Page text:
On Morning Report, political law expert Graeme Edgeler put a benign interpretation on Peters’ behaviour by suggesting he might have decided to proceed with legal action only after deciding to support Labour.
In other words he may have negotiated with National in genuine good faith, intending to shelve his legal action if they reached agreement. But if that were the case, why did his lawyers file papers in the Auckland High Court the day before the election? He would surely have stayed his hand while he waited to see how the post-election talks panned out.
In any case, surely the proper position for Peters to have taken at the outset of coalition talks would have been to disclose to both Labour and National that he had initiated, or was about to initiate, proceedings. That would truly have been a demonstration of good faith. But this is Peters we’re talking about. He follows his own rules.
I suppose some people might admire his mastery of the political dark arts (Soper seems to), but to me it just looks devious, manipulative and deceitful. And what a cute coincidence that Peters should have left the country to attend the Apec conference in Vietnam when the bomb went off, so that he was spared having to answer awkward questions. (I won’t comment on the irony of a foreign affairs minister who opposed the Trans Pacific Partnership Agreement representing New Zealand at a meeting aimed at sealing the deal. But hey, who’s going to pass up a first-class flight and an opportunity to hob-nob with the big boys of world politics?)
Let’s allow that the leaking of Peters’ superannuation details was a political dirty trick, albeit a clumsy one, aimed at embarrassing him ahead of the election. But the secrecy of his plan to exact utu, and the likelihood that the coalition talks were skewed by it, can only add to misgivings about the integrity of the process by which the Labour-NZ First coalition was formed. It’s another affront to democracy and transparency.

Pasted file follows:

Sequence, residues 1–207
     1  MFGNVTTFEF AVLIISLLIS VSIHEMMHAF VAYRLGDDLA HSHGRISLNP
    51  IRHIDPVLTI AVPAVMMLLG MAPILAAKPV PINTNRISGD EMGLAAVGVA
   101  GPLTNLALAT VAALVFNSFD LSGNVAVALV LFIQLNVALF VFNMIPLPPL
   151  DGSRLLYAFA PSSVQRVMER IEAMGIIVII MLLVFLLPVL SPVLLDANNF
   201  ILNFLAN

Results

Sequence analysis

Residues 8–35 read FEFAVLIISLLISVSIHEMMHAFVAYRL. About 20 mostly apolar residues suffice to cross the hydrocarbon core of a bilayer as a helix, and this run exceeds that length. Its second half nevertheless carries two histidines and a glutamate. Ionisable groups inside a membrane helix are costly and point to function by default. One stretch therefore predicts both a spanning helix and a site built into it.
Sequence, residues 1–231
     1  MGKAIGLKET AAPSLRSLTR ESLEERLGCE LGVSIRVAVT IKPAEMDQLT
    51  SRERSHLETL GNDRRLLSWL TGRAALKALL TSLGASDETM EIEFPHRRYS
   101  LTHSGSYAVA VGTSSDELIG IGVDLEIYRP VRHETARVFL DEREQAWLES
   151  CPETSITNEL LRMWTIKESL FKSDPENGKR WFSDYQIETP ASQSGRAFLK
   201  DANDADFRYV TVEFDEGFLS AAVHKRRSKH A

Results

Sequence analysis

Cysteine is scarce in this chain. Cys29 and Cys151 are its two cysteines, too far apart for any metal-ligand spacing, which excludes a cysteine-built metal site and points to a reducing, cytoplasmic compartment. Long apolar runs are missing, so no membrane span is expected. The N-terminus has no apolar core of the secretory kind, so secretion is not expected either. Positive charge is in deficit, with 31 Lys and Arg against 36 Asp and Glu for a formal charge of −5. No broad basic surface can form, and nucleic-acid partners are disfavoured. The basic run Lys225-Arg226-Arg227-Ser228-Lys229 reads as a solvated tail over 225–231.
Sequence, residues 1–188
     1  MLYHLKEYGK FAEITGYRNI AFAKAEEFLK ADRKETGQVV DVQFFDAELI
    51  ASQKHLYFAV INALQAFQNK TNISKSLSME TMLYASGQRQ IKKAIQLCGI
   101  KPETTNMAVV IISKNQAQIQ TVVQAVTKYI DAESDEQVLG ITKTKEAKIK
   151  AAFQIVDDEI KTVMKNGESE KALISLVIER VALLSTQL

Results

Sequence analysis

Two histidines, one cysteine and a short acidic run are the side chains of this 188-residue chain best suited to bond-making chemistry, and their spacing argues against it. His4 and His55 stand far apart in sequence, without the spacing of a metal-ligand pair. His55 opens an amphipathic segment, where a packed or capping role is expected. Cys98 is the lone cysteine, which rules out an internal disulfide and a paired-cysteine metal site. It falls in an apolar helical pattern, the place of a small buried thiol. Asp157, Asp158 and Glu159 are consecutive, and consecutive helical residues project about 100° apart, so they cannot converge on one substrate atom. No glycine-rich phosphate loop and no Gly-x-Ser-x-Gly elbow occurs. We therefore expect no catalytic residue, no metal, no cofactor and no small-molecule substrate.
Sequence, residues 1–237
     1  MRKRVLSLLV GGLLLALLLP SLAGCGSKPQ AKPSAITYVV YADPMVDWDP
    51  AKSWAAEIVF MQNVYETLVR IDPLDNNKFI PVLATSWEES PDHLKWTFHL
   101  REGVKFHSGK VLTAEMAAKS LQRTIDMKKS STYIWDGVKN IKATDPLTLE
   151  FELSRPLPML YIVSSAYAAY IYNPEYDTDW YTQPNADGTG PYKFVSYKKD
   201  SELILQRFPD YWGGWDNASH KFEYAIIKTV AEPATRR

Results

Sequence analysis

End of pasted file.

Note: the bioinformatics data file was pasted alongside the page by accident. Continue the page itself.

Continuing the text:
There’s another issue here: the protection of journalists’ sources. Media freedom advocates are alarmed that the deputy prime minister should embark on a witch-hunt against journalists, demanding that they cough up phone and email records so that he can find out who leaked, and thus determine who to sue.
Journalists not being a greatly admired occupational group, this is unlikely to trigger an outpouring of public sympathy. But it needs to be pointed out that a likely consequence (if not the purpose) is that journalists will be discouraged from publishing stories likely to embarrass senior politicians, which is part of their function in a democracy. The result would be a less informed public. It’s the sort of menacing behaviour you’d expect from a bully like Vladimir Putin.
But while much has been made of the threat to media freedom, it should be treated as a secondary concern and a distraction from the real issue, which is the legitimacy of the government. That was already in doubt following the farcical coalition talks which resulted in Peters – a man who couldn’t even retain his own seat, and whose party was rejected by 93 percent of voters – being appointed to the second most powerful role in New Zealand politics. Alongside this latest scandal, the recent parliamentary gamesmanship over the appointment of the Speaker, which so excited the media, was a mere sideshow.